The Home Information Pack (HIP) that was brought in by the Labour Government in 2007 is a clear indication that the standards within the millennium were still inadequate. The HIP formed part 5 of the Housing Act 2004. The government advised that the HIP had to be completed before a property went up for sale. A similar model to this was first used in the USA.

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The HIP pack was set of documents that included; local authority searches, title documents, guarantees and Energy performance certificates (EPC). The advantage of this legislation was to speed the sales progression up for the buyer’s solicitors, as this has proven to be time consuming in the past where the process took up to twelve weeks. This was received positively by new buyers and estate agents.

As for the former, they now only needed an accepted mortgage offer and solicitors to act for them, as all legal documents had already been acquired by the seller. For estate agents the exchanging and completion was intended to be faster. However this scheme was also viewed negatively as not all sellers had the money to pay the HIP costs before placing their property on the market.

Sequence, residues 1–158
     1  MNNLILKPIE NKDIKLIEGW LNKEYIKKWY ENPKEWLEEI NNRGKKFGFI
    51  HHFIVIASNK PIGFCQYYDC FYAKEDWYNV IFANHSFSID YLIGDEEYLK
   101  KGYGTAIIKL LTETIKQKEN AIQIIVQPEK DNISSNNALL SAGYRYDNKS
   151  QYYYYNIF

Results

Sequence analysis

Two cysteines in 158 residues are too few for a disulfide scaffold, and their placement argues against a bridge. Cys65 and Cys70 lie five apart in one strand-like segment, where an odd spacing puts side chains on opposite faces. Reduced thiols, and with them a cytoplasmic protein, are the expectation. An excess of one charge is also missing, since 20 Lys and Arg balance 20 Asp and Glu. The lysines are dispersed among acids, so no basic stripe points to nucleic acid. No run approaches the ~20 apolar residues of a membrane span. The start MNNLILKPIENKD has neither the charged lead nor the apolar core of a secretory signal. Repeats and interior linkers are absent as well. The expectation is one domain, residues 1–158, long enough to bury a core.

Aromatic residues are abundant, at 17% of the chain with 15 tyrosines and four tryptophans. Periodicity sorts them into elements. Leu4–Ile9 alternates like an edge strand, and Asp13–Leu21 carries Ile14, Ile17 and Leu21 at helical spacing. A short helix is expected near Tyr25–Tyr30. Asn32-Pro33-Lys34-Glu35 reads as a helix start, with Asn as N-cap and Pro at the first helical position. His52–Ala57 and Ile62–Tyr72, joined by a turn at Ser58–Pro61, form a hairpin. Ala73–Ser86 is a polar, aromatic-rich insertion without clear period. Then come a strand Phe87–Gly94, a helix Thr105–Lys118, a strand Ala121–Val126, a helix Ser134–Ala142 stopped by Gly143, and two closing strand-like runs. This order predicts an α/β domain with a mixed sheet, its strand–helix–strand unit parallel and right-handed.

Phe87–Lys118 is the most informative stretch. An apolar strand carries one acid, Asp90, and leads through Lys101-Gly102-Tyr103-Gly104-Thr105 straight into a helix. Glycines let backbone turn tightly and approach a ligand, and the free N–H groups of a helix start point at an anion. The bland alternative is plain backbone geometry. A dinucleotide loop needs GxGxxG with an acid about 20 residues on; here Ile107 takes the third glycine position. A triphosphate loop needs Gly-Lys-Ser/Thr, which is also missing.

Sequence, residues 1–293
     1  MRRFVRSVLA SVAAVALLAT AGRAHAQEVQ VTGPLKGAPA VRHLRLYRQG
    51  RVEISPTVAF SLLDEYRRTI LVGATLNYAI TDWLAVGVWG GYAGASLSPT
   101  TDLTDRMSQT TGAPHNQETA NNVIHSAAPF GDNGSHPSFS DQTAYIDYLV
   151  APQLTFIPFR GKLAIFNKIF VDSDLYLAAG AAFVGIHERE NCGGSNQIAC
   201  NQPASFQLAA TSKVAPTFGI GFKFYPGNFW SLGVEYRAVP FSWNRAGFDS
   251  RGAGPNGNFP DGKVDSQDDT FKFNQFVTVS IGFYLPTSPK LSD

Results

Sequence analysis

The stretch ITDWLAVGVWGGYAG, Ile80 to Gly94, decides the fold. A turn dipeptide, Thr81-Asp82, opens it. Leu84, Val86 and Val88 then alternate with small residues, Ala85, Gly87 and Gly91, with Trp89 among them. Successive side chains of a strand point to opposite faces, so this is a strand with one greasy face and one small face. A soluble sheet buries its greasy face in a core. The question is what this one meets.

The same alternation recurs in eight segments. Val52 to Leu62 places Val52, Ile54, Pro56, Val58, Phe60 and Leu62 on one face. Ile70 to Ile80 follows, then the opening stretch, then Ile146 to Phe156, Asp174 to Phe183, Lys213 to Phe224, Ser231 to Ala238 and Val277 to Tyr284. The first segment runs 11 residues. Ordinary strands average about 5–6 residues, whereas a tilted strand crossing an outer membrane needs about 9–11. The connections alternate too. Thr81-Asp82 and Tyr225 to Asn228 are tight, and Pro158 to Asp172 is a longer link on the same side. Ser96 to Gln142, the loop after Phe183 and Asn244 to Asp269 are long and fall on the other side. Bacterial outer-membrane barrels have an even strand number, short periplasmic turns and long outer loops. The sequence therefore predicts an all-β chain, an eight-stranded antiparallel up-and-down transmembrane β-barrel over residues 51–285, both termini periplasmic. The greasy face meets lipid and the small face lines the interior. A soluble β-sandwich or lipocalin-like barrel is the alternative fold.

At the time the Guardian newspaper report that the HIP; “was unnecessary and costly” and it was also reported in the same article from The Guardian from another interviewee that worked as an estate agent;

“Estate agents have long complained they add red tape to the selling process, while sellers have grumbled about the £200-£400 price tag attached to the HIP packs”. (The Guardian, 2010)

After this legislation was brought into power in August 2007 as a three year mandatory regulation from sellers to produce. This HIP then come to its demise in May 2010.

The only remainder from HIP legislation is the EPC (Energy Performance Certificate), and sellers do have to arrange one of these prior to marketing their home for sale and an EPC usually costs between £60 and £150 dependent on the estate agent you use.